For twenty years, California has been coping with the unintended consequences of changes in its fiscal policy that destroyed home rule in government. When the electorate voted in 1978 to reduce property taxes, it also shifted control of those revenues from local government to the State. I firmly believe that those voters did not consciously support this shift. But they approved it anyway because they were responding to what was then a genuine crisis in the impact of property taxes on individual homeowners up and down the state.
Now we are suffering the impacts of topsy-turvy fiscal policy on governance and quality of life in California. Local and county governments operate hand-to-mouth, each year waiting for the Governor and the Legislature to decide how much moeny they will get to provide vital services to their communities. They form special district after special district to pay for these services and facilities that used to be what taxpayers expected to get for their tax dollars. And they engage in cutthroat competition for sales tax revenues while their constituents complain, rightfully, that land use priorities are distorted and good jobs and affordable housing have disappeared in favor of minimum wage service jobs, endless auto malls and gridlocked traffic.
Everybody suffers in this crisis: communities, businesses, the environment, the economy and the performance and credibility of government. I believe there is a direct relationship between our fiscal imbalance and the public's increasing cynicism regarding the public sector over the last two decades. And I believe it is long past time to do something about it.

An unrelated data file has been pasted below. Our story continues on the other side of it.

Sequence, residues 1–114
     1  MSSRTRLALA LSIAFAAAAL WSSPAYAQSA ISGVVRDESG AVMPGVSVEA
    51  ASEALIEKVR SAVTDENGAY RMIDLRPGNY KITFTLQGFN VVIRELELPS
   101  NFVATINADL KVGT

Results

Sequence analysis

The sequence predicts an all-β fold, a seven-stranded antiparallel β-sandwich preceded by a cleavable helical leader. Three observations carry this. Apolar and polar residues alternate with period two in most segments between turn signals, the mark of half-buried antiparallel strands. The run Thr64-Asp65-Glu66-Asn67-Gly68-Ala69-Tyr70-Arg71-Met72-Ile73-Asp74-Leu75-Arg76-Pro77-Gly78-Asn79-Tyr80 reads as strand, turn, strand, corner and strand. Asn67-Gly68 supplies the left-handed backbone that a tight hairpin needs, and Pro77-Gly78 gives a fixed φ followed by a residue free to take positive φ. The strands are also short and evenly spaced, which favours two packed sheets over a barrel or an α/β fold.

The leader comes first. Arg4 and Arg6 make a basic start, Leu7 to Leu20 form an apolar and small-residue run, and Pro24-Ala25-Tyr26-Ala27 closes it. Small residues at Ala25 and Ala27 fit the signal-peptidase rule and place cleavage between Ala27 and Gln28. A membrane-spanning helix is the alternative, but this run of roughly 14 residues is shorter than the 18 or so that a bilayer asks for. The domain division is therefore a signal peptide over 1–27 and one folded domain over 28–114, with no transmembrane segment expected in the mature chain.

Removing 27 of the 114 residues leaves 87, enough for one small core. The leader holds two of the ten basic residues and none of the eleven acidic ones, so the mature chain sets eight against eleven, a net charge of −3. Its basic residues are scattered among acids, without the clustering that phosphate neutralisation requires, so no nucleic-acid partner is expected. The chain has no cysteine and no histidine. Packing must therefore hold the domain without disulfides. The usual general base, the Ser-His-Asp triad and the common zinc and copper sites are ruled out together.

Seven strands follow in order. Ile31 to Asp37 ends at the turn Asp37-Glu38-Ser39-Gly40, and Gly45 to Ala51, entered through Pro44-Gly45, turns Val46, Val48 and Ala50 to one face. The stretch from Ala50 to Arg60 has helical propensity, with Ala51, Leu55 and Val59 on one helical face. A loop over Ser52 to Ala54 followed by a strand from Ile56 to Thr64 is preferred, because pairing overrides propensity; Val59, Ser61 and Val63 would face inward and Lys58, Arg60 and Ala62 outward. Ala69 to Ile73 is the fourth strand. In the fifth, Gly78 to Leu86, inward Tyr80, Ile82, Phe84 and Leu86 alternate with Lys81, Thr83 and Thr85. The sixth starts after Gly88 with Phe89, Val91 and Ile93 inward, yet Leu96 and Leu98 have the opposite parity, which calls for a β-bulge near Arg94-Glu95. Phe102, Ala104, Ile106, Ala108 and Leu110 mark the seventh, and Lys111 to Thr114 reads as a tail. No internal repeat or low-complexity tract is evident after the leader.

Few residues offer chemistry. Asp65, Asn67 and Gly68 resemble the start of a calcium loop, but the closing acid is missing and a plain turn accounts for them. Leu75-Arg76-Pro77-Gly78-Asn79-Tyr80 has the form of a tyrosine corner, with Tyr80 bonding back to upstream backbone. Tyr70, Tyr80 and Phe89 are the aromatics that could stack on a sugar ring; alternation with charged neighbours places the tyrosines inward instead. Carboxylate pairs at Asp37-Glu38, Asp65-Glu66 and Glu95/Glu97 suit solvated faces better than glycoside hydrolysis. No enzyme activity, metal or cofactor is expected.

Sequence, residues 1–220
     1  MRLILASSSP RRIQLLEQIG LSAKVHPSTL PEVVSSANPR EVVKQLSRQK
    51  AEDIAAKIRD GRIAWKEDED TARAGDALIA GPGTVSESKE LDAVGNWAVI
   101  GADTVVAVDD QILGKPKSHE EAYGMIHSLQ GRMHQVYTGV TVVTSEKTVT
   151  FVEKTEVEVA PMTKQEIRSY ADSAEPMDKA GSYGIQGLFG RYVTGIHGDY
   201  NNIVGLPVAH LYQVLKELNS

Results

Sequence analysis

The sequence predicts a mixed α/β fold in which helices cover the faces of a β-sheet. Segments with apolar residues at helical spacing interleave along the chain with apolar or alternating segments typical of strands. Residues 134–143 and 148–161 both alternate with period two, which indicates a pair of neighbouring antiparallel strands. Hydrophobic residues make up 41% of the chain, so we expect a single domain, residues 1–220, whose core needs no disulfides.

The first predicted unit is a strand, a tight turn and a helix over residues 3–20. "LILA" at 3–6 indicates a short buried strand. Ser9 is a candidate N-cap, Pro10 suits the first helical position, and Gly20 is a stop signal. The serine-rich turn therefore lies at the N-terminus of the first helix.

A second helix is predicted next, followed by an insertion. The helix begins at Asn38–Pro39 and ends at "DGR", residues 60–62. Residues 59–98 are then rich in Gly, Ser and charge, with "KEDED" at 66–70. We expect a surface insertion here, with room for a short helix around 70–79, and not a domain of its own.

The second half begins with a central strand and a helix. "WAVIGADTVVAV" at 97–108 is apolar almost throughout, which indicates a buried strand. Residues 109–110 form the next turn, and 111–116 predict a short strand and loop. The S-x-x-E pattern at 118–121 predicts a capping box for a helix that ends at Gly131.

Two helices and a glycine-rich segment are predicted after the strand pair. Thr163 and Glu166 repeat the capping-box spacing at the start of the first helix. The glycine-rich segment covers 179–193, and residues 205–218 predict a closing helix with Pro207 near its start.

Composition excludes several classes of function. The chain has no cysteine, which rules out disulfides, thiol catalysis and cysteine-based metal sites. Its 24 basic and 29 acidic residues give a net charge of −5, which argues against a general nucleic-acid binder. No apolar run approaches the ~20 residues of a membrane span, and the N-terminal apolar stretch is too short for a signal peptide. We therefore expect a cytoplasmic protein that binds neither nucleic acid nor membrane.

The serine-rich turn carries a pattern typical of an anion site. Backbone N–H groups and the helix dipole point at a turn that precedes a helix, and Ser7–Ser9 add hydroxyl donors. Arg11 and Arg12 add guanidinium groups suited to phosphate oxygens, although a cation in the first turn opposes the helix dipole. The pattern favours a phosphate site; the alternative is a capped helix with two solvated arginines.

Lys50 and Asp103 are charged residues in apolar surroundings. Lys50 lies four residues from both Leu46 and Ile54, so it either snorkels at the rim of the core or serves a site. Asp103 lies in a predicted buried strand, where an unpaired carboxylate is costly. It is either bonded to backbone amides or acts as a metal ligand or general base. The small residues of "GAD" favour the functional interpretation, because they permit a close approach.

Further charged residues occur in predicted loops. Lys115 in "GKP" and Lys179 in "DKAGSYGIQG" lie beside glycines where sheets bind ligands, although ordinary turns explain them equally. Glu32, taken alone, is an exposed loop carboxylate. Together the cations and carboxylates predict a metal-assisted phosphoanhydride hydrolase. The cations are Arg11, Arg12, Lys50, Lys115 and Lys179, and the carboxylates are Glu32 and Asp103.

That is why ... a Blue Ribbon Commission [is] being formed with the help of [the] Metropolitan Forum Project that will tackle these issues in the coming year. I want the Commission to recommend solutions to me and my colleagues in the legislature so we can pursue appropriate remedies. ... Involvement will be rigorous ... I expect the Commission, and it subcommitties, to meet monthly for up to twelve months to formulate recommendations. Then you will work with me to broaden the constituency for fiscal reform in California as the legislature takes on the issue.
Very Truly Yours,
On September 15, 1998, the James Irvine Foundation convened its second annual Civic Entrepreneurs Summit in San Diego. "Civic Entrepreneurs act in the spirit of two great California traditions: individual entrepreneurship and civic action," says an Irvine Foundation report on the emerging public/private region-centered movement. Metro Investment Report is pleased to also present Assembly Speaker Antonio Villaraigosa's welcoming remarks to the delegates from 11 regional collaboratives who attended the summit.
Speaker's Commission on State/Local Government Finance